Do you need some advice on how to be a good host at an event being held soon? Well, the specific advice depends on the event content really. While you may be experienced at certain events, being able to keep an audience of teens hooked is different to taking care of a crowd of snooty accountants in their button up waistcoats. Winging it is not the best choice. In fact, it is one of the most terrible ones you can make. Now, there are a few key differences between being an emcee and being a speaker. For one, the set of skills that are needed is totally different. In truth, the role of the MC is a lot harder for some people than that of someone delivering a set speech. While all MCs are speakers, not all speakers are MCs, if that makes any sense at all.
Prepare Your Opening Lines Well
One thing you need to prepare for in advance is your opening pitch. Even lawyers have to follow the same procedure to keep a jury hooked. Don’t go straight in for the kill. There needs to be some ceremony with which you open the event to the audience, before going into the contents of the program. If you are a bilingual emcee you could draw some quotes from the other language that you know, pushing it off to a culturally diverse start. Try telling a story from your “life” that the audience can relate to. It needs to be one that gently flows into the purpose of the event actual. Sure, at some point you are going to have to jump to the important tasks, giving thanks to the hosts and all of that, the boring stuff. To start off though, make the audience happy and interested.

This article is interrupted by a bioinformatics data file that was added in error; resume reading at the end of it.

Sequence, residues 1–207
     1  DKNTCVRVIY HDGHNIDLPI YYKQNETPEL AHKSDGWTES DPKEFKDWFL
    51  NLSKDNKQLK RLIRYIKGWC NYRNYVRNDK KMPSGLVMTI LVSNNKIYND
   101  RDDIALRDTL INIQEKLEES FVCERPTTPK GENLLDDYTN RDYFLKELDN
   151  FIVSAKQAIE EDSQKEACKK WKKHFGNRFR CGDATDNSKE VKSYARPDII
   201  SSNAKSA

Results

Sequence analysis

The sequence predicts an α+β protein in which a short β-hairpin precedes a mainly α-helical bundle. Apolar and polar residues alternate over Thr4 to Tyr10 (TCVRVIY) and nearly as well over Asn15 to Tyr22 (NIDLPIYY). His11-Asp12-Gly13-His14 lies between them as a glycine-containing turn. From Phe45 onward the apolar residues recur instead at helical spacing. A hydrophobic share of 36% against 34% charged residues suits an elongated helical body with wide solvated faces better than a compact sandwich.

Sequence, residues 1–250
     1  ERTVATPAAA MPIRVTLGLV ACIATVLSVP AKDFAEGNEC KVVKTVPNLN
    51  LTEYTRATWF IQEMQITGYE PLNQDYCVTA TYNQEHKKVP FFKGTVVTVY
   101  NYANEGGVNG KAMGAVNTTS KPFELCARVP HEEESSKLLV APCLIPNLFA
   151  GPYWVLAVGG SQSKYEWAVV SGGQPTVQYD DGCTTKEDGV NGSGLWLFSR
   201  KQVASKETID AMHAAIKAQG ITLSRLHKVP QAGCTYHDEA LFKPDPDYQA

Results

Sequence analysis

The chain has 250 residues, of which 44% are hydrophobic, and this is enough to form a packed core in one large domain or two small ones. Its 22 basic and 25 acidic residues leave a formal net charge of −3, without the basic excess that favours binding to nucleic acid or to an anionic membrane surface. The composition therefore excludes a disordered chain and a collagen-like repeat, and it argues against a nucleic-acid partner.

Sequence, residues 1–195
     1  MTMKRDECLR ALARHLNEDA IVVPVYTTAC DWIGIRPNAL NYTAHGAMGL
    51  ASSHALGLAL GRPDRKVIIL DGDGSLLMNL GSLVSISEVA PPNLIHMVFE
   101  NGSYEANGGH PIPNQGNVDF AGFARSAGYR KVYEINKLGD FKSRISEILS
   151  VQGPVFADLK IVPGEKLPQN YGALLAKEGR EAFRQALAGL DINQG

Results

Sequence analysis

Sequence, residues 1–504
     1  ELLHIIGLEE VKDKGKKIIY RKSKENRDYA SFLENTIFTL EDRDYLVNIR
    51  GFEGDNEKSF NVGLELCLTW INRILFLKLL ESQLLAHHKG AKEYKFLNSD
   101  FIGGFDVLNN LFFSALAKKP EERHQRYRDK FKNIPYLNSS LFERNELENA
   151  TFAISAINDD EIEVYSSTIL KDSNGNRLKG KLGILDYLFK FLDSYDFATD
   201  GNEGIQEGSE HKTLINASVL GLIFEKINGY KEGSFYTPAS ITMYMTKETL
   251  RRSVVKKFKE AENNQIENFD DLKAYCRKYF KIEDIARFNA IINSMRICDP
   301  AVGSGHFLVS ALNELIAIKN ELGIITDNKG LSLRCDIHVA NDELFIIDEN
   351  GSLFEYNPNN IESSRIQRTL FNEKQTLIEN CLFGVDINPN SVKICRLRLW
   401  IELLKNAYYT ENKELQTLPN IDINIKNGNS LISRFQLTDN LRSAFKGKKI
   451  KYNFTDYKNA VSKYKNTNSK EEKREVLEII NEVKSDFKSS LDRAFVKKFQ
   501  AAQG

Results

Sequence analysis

Be Charismatic, But Don’t Steal the Show
While being a bilingual host makes you pretty awesome, you really shouldn’t try and show this off to the crowd. No one likes an attention hog. Even when the role of being the MC requires you to take the spotlight on yourself, never stop the process of keeping the show going. The Show Must Go On!
Keeping the event constantly moving and not allowing it to grow stale even for a second is what you are there for. To do this, you need to give a mood to the event, and you are the leader of attitudes for the night. The more positive you are, the more positive the crowd will be.